Archive for July, 2014

CYCLING – now and then. I cycle whenever the weather permits. I also love my bicycles. Now in Canada distances are extreme. Thinking back to my youth when we made one week cycling tours with a school class, we may have only covered up to 30 km in one week. Today, 30 km is a trip of 2 hours, taking my time.  Just the other week I got myself a new bicycle, with larger wheels and smaller tires and lighter than my mountain bike. Here in Canada – even in the city – roads go up and down, sometimes quite steep. Lots of leg strength needed. Since I do not got off-road anymore, I preferred a lighter, faster and still comfortable bike. Testing the other day on  the trail, I love it. Around Vancouver Island we have many good and long bike trails outside the city, some going through stretches of wilderness. Lately a couple of cougars had been roaming around the outlying areas where cycle trails are, one of the big cats unfortunately got shot (to protect cyclists).  That is why I now mostly go up north of the city towards the end of this peninsula. Not so lonely. Of course you always must watch out. Inside the city, also unfortunately some nasty people who dislike cyclists had strung wires across some city streets, that tripped cyclists.  With cycling, it is always WATCH THE ROAD and around you (s.a. my previous post [ ] ).  Here is a nice little tidbit from the past: During WW2 bicycles were at a premium, because the military machine had confiscated all cars from their owners. Thus, the bicycle was often the only means for civilians to get to a bunker during the heavy bombings by the allies. Bicycle theft was also severely punished, often with the death penalty. Good stuff !  [A couple of cycling photos included.] image0096 image0101tofino_2011 007


Vacation Rentals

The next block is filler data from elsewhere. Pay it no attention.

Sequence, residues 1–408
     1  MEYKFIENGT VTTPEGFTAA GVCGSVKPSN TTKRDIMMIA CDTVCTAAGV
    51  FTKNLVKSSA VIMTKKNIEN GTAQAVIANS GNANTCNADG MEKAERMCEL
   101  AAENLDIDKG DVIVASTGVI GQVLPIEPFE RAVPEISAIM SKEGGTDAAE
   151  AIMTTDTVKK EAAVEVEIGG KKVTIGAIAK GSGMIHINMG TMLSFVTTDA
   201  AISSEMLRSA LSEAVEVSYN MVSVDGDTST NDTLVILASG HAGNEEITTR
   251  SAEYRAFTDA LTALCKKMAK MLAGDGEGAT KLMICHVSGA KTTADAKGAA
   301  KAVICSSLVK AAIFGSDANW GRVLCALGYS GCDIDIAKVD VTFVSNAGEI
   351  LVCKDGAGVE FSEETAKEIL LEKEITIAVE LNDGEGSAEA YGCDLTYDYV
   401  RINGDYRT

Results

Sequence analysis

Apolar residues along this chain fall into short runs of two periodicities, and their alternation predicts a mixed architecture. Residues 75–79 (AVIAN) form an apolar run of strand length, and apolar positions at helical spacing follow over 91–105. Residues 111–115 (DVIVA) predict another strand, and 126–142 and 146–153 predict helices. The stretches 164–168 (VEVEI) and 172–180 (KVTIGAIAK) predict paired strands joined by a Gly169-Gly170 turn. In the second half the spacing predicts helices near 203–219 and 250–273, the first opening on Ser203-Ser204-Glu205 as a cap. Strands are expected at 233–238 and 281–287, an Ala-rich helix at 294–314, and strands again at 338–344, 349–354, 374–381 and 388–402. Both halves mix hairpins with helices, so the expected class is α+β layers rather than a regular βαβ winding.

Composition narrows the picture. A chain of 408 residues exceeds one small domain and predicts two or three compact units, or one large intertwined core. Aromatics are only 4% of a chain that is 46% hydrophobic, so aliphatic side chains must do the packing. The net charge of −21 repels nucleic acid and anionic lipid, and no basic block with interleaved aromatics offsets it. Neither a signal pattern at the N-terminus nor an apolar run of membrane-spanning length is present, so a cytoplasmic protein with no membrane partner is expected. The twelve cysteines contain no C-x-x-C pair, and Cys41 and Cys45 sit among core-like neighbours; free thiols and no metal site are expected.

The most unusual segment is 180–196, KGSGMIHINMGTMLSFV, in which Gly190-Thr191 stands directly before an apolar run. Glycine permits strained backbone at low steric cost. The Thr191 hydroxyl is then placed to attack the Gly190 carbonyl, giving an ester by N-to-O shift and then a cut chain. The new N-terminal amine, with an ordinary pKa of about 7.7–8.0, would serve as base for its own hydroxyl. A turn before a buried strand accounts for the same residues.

Trying to find vacation rentals anywhere for one person ? impossible if going over the Internet. My son who lives in Europe cannot find me anything, although he should know people living there actually. I must always try myself, from Canada, over the Internet. Ever attempted to find one single little studio situation for one person to rent for let’s say (extended stay) three months ? Tough luck, I say. Going thru Google, the normal list of links includes millions of vacation rentals for people sharing: Four, six, one dozen or more. Nutcase situation: that people who like to return to their home countries in Europe actually are being forced to share some rentals with total strangers. Just so, that the owners (or in most cases the large Internet companies representing some owners) can ask exorbitant rental fees. There are likewise lots of companies specializing in the rental business, and nothing else. So, you can go thru lists and or pages of Internet data trying to find: Studio for one person (or if nothing else, for max. two). One single room, small kitchen. What’s so difficult about that ! Of course, if I were in Europe, I would call around, get on the phone, look at classifieds in local newspapers. Impossible for some people to think about that. Must always be the NET. “Forget about it”! Web-based businesses ask more money. For the past few years I found some good stuff over the Internet, though: Rental w/small kitchen for $500 a month. Or for Euro500 a month. Sounds OK to me. But this is rare. However, lots of hours spent getting frustrating about “sleeps 12” or some derogatory remark about “single” people. Yet, incredible how many people travel solo nowadays. Trying against all odds to fight against a stereotype system of travelling (double occupancy) or vacation rentals.